All judicial races are nonpartisan, and the general election will be March 5, 2024. Any resulting runoff elections will be Nov. 5.
The only state-level executive branch position on the Arkansas 2024 ballot will be Treasurer in light of Mark Lowery’s death in July. The candidate elected will serve the final two years of Lowery’s term.
Secretary of State John Thurston filed to run for Treasurer on Monday after announcing his bid in August.
All 100 seats in the Arkansas House of Representatives come up for election every two years, and 18 of the 35 state Senate seats are also up for election next year.
Some of the legislative candidates defending their seats across the state already have primary or general election challengers as of Monday.
Additionally, candidates have begun filing to run for positions where the incumbents are not running for reelection.
Senate Minority Whip Linda Chesterfield, D-Little Rock, announced in August that she would not run again and endorsed Rep. Jamie Scott, D-North Little Rock, to succeed her. Scott filed to run for the Senate seat on Monday, leaving her House seat open.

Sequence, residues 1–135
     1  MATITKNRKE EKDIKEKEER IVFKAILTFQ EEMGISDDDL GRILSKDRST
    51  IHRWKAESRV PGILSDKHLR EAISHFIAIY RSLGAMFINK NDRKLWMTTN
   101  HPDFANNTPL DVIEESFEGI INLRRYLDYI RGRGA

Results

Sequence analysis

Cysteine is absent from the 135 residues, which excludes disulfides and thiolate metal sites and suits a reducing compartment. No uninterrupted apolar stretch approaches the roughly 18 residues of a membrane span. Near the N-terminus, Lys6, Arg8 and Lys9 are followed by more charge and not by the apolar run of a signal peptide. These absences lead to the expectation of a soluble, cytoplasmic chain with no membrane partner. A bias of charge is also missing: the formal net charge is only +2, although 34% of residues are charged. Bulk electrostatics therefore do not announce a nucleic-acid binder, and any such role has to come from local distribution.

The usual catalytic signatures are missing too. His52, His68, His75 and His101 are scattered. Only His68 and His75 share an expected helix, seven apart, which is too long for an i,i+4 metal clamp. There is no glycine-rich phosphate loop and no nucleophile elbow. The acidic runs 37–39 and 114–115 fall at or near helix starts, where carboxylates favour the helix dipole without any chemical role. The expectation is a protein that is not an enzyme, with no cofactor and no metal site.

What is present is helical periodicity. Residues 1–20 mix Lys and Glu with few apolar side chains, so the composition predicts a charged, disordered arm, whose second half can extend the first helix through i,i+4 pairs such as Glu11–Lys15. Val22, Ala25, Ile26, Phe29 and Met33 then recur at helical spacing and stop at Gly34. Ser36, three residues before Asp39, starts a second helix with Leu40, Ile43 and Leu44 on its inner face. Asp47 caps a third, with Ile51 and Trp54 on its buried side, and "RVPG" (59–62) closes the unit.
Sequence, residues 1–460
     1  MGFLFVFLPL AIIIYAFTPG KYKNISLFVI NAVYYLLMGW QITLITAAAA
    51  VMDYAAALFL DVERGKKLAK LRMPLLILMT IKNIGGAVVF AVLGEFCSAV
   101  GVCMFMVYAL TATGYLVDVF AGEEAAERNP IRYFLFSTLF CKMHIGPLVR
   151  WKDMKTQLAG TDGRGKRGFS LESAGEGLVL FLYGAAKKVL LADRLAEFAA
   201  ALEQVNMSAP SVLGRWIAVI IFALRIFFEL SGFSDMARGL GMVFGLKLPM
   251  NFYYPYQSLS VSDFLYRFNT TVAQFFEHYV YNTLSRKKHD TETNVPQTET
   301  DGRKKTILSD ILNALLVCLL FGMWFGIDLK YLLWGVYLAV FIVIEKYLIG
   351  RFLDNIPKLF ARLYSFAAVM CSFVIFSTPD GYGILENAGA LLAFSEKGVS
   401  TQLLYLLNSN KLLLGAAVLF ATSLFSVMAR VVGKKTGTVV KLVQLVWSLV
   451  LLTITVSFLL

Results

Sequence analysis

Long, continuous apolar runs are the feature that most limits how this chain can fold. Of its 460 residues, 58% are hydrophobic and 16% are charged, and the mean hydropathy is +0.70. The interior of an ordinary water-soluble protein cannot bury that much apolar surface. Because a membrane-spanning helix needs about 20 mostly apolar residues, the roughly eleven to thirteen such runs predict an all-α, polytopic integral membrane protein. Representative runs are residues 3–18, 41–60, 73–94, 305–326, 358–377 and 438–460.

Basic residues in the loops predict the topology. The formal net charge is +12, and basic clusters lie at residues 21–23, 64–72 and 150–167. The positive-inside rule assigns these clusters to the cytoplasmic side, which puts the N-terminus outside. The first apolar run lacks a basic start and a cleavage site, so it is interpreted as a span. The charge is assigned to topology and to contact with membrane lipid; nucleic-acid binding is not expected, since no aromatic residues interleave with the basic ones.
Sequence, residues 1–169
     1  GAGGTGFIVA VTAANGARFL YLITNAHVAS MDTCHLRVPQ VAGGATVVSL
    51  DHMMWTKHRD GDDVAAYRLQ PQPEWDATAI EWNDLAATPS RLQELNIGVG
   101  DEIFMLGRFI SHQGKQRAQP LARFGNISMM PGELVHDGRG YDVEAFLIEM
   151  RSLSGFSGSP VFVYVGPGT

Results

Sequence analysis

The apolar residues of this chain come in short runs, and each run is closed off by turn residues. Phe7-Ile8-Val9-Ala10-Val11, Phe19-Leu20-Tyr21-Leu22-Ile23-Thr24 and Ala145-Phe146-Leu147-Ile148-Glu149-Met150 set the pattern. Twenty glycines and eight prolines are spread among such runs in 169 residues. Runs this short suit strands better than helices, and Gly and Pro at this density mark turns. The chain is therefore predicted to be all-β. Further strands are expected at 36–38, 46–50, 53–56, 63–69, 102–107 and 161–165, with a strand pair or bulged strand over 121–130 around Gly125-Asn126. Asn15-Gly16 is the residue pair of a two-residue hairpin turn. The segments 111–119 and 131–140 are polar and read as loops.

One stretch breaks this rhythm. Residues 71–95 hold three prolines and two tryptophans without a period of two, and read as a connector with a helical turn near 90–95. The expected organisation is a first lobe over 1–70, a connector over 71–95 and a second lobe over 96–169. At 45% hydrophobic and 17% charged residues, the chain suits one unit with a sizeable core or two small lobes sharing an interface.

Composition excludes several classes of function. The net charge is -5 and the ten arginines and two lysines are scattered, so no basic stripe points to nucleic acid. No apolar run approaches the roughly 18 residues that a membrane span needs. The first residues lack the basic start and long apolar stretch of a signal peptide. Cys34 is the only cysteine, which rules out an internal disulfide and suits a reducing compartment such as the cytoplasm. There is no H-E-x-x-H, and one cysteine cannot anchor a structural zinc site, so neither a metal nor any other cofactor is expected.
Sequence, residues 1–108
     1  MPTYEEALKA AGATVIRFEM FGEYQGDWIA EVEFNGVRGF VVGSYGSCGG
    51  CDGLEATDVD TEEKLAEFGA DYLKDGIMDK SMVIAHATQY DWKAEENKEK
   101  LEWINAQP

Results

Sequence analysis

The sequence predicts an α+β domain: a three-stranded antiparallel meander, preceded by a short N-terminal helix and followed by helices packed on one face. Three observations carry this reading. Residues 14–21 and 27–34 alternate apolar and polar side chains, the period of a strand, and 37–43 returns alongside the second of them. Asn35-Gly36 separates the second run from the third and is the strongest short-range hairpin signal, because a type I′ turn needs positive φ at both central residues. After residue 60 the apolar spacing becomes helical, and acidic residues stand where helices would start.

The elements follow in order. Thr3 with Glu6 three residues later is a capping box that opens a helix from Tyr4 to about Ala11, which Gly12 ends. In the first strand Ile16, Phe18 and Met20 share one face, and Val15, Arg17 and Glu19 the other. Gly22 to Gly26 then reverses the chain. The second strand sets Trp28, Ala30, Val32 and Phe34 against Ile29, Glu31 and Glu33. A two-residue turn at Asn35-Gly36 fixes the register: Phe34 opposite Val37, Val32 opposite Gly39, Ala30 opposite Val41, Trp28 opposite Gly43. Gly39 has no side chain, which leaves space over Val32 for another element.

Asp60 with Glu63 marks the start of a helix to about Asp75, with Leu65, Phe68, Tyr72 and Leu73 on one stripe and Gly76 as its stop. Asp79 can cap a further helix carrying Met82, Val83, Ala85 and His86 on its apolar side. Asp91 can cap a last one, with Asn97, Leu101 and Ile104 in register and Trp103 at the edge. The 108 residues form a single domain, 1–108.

Meanwhile in Springdale, Democrat Diana Gonzales Worthen and Republican Rep. DeAnna Hodges have both filed, setting up a potential rematch to represent Arkansas’ first and only Hispanic-majority district.
Rep. Ron McNair, R-Alpena, also will face a rematch from Jim Hall of Harrison, who filed Monday as an Independent candidate for the second consecutive election cycle.
Hall said in an interview that McNair represents Gov. Sarah Huckabee Sanders’ interests rather than those of the North Arkansas district he seeks to represent.
He also said he is frustrated with some of Sanders’ decisions in the 10 months she has been governor. He listed her support for restricting public access to government records, her office’s purchase of a $19,000 lectern and a proposal to turn some federal lands near the Buffalo National River into a national park preserve.
The group that proposed the changes to the river retracted the idea, which seemed to have the support of the governor’s husband, Bryan Sanders.
“We are sick and tired of people in this marble palace forgetting what ‘regnat populus’ means,” Hall said, referring to the state motto, which is Latin for “the people rule.”
Filing continues tomorrow.